Relevance is in. It’s how we measure everything. What’s trending? What’s hot? What earns the clicks, the comments, or the buzz? How does that translate into currency?
I admit I struggle with the concept. Have for years. Who is listening to me? Who is reading what I write? How do I extend my reach? How will I know if I’ve achieved relevance?
The dictionary definition of relevance is “being connected to the matter at hand.” That’s vague enough to induce an anxiety attack. What is the matter at hand? How do we know? How often does it change? Who decides?
We do, “we” being an aggregate. Our impulses, our needs and our desires are reflected in our comments as well as our purchases. We affect and are affected by everyone else. We participate in and succumb to group-think. Everything we like, buy, rate or consume is quantified and measured. The results are used to determine what is offered to us, whether it’s commentary or the latest must-have thing.
Relevance breaks us out of the pack. Without it, we’re in the back row, out of the loop, powerless, maybe even voiceless.
Products and ideas struggle to be relevant. So do people. Irrelevance feels like invisibility. How many of us have tried to give a speech or teach a class to a roomful of people looking at their smart phones? I played piano bar for many years, which is only marginally less deflating. The job entails soothing without disrupting. The goal is to be ignored. It’s a profoundly disappointing way to entertain.
As Google helpfully points out, “artists and politicians are always worried about their relevance. If they are no longer relevant, they may not keep their job.”
So true. Ask any writer trying to come up with the perfect post-Harry Potter/Divergent/Hunger Games young adult novel. Ask any songwriter trying to come up with the next “Hello”, “Happy” or “Uptown Funk.” Ask any politician in 2016.
It’s not just artists and politicians who feel the pull of relevancy. Everyone worries about being important. At work, relevance becomes all about keeping the company at the leading edge of its field. At home, parents compete with the latest app or social media meme for significance in their children’s lives. It’s hard to be a knowing role model when the Internet provides all the answers.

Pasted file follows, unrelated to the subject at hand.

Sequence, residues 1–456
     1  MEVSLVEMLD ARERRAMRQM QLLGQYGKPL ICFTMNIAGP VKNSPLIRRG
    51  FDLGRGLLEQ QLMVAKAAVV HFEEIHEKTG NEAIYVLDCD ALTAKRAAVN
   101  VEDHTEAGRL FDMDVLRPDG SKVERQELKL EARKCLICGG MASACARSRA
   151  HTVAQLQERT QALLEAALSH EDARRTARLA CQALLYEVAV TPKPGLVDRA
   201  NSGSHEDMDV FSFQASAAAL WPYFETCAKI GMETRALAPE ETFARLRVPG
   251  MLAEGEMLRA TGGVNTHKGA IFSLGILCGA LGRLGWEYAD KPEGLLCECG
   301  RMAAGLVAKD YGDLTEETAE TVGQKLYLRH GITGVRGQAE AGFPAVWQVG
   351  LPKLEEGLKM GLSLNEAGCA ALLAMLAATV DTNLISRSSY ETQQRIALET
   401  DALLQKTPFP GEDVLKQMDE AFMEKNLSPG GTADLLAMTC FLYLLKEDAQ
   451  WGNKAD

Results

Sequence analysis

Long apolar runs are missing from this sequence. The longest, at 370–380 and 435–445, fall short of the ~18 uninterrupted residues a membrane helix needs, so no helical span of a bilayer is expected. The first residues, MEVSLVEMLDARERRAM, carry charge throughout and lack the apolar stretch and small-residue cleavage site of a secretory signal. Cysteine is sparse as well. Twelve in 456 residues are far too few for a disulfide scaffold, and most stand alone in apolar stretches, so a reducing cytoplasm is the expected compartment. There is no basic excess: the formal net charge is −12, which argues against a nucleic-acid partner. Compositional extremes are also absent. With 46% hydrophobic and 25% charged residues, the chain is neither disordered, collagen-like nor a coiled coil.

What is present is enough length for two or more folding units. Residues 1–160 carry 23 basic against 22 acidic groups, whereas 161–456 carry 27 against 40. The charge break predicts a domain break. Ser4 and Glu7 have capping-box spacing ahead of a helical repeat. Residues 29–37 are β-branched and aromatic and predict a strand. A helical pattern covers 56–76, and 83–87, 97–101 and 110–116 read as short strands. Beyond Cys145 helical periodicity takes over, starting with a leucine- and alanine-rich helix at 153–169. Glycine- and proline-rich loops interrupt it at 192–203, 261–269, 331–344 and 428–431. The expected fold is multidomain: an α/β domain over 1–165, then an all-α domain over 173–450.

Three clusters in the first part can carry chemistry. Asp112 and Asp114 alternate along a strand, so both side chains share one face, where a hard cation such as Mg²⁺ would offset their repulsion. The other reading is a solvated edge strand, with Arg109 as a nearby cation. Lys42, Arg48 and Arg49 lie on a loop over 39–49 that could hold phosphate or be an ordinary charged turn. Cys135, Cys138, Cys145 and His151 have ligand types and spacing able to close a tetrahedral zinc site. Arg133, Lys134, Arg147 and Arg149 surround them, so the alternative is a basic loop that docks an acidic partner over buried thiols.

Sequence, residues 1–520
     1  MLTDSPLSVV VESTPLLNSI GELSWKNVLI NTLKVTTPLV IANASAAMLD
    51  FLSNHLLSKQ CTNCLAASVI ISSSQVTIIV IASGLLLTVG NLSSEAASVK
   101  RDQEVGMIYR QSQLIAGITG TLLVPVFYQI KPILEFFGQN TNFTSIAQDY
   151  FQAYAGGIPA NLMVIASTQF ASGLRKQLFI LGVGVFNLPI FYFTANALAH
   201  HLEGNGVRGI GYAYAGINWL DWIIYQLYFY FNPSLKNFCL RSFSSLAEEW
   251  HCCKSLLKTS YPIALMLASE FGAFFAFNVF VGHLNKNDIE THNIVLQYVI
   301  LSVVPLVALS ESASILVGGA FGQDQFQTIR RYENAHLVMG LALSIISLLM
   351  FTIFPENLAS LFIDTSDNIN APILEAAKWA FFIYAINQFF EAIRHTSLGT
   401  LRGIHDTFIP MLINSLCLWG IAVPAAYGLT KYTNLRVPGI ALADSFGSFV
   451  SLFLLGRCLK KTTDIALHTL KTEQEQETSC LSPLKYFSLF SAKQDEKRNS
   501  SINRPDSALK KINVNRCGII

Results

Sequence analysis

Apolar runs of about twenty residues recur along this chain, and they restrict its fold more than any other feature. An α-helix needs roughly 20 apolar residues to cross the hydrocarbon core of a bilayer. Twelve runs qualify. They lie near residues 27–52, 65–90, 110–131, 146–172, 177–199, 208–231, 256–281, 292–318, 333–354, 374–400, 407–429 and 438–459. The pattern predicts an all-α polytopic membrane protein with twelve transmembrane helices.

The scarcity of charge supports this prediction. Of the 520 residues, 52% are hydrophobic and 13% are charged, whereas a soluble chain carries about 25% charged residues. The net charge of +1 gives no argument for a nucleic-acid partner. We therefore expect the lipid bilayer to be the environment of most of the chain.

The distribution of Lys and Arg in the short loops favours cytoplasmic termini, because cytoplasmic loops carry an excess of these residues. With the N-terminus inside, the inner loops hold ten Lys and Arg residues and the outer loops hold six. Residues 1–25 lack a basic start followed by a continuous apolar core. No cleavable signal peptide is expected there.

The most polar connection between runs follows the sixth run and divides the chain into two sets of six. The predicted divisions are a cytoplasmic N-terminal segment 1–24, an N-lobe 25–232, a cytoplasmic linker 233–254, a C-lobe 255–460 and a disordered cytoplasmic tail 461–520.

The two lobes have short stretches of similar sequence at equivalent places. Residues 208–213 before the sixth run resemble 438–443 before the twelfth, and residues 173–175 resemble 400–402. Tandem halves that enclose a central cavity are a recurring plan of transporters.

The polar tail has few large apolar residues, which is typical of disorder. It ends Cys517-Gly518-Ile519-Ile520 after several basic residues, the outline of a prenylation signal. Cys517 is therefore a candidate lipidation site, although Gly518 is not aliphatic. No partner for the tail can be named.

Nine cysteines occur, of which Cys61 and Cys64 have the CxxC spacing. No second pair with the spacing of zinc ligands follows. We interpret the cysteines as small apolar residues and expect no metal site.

Although relevancy (like everything else) seems amplified, it’s not a new concept. We want to be connected. We want to feel important. We want to stand up and shout, “Hey, I’m here!” The wealthy often insist on naming rights to buildings. Perhaps they hope their money can help them stay eternally connected. Legacy establishes immortality. The donor is relevant every time someone enters the [Your Name Here] Science Center.
The older we get, the less clear we are about how to be relevant or even how or where we might connect to what matters. Children grow up and move away. Spouses and siblings die. We are eased out of jobs and into a life of enforced leisure marked by secret struggles or stretches of isolation.
At some point, it may seem meaningless to think about being relevant. We can’t all be insiders. If our goal is to cast a really wide net of influence, we’re up against impossible odds. Some of us give up. Others continue to push back against obsolescence. What are we doing?
We’re trying to connect. We want to count or be counted. That’s what it’s all about. Somebody cares, somebody needs us, somebody is listening to us. We want to influence something, no matter how small that something is. That’s what floats our boat, gets us up in the morning, and makes us smile. I matter, you matter; we matter.
I argued in Hope in Small Doses that a life of purpose can just as easily involve sharing information as curing cancer. It’s not the scale; it’s the intent. We can be relevant by being a best-selling author or by being a damn good storyteller. We can shape change by running for office or by spending time with a friend in need. Relevance doesn’t require we compete for prominence unless our goal is to have an effect on the greatest number of people. In which case, we’re out of luck. There’ll always be someone with more followers or more money or more power. The next day or week or year, another person will come along to claim the influence crown.
I’ll be honest: I don’t always find it easy to embrace a more intimate definition of relevance. I’m a writer and I want to reach as many people as possible. That puts me in competition with others also vying for the attention of a public we’re trying to influence, enlighten, educate or entertain. We can’t all be relevant, can we?
Yes, we can: maybe to one or ten instead of a thousand or a million. The challenge is to acknowledge that we are all connected to the matter at hand by virtue of being alive.